DHA & EPA – The most compelling evidence for the cardiovascular benefit provided by omega-3 fatty acids comes from 3 large controlled trials of 32,000 participants randomized to receive omega-3 fatty acid supplements containing docosahexaenoic acid (DHA) and eicosapentaenoic acid (EPA) or to act as controls. These trials showed reductions in cardiovascular events of 19% to 45%. These findings suggest that intake of omega-3 fatty acids, whether from dietary sources or fish oil supplements, should be increased, especially in those with or at risk for coronary artery disease. Patients should consume both DHA and EPA. (Lee et al 2008)

Ginger (Zingiber officinale Roscoe), a well-known spice plant, has been used traditionally in a wide variety of ailments including hypertension. We report here the cardiovascular effects of ginger under controlled experimental conditions.These data indicate that the blood pressure-lowering effect of ginger is mediated through blockade of voltage-dependent calcium channels. (Ghayur & Gilani 2005)

Hawthorn (Crataegus oxyacantha) – Crataegus exerts mild blood pressure-lowering activity, which appears to be a result of a number of diverse pharmacological effects. It dilates coronary vessels, inhibits ACE, acts as an inotropic agent, and possesses mild diuretic activity. (Rewerski & Lewak 1967) (Uchida et al 1987) (Pepping et al 1995) (Weihmayr & Ernst 1996)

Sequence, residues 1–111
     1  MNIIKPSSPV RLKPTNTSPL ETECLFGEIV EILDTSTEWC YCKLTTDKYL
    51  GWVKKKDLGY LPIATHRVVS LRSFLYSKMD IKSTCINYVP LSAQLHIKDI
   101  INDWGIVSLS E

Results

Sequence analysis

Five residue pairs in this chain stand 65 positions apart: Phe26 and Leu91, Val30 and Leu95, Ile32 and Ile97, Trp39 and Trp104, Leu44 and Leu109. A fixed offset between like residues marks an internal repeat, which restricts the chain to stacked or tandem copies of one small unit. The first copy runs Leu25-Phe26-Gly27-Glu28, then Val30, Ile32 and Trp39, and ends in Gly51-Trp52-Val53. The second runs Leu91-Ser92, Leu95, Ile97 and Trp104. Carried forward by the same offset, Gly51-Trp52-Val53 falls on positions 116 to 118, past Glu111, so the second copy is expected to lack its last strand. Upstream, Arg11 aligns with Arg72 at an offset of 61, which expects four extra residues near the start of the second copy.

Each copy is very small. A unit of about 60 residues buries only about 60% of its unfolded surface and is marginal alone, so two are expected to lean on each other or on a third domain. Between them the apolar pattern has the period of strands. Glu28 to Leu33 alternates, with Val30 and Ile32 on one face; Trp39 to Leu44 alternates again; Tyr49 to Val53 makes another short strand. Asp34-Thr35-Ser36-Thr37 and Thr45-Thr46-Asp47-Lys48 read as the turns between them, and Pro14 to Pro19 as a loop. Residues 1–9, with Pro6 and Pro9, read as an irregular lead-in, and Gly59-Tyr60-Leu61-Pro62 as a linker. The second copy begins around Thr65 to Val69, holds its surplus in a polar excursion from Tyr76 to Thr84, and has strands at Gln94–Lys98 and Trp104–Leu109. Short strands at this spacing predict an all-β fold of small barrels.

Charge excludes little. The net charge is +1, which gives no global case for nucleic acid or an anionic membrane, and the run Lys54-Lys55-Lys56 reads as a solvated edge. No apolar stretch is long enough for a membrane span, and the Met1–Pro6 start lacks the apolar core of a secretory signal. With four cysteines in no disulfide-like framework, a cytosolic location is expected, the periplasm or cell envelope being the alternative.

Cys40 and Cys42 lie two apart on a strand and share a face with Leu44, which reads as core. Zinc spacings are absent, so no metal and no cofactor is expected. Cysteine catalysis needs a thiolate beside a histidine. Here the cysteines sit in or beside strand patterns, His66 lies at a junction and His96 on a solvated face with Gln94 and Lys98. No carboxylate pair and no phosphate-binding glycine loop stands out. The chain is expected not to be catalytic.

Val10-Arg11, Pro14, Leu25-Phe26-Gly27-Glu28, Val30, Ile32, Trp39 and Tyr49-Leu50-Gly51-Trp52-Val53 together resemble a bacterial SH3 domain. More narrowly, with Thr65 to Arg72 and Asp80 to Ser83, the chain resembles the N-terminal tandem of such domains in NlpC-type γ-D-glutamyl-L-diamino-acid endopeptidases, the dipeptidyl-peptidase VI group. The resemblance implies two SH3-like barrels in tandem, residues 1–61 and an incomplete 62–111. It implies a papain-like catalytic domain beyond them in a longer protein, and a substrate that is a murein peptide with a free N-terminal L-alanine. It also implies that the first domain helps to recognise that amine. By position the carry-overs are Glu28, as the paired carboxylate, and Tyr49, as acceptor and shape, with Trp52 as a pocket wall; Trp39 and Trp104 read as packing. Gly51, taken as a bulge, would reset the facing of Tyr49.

This study showed no herb–drug interactions arising from hawthorn administration. Taken concomitantly with prescribed medications, the herb demonstrated a hypotensive effect for patients with type 2 diabetes. (Walker et al 2006) 

Olive leaf extract – In vitro, oleuropein and its major metabolite, hydroxytyrosol (which are polyphenols contained in olive leaf extract), exhibited a range of pharmacological properties beneficial for the cardiovascular system. These actions included enhanced nitric oxide production by mouse macrophages, antiinflammatory effects, protection against oxidative myocardial injury induced by ischemia and reperfusion, decreased blood pressure, inhibition of platelet aggregation and eicosanoid production, and scavenging of free radicals in addition to inhibition of 5- and 12-lipoxygenases . Oleuropein reduced infarct size, plasma lipid concentrations, and plasma markers of oxidative stress in cholesterol-fed rabbits.  In vivo, olive leaf extract (OLE) lowered blood cholesterol and lipid concentrations in cholesterol-fed rats andlowered blood pressure in nitro-L-arginine methyl ester-induced hypertensive rats as well as in normotensive rats. (Poudyal et al 2010)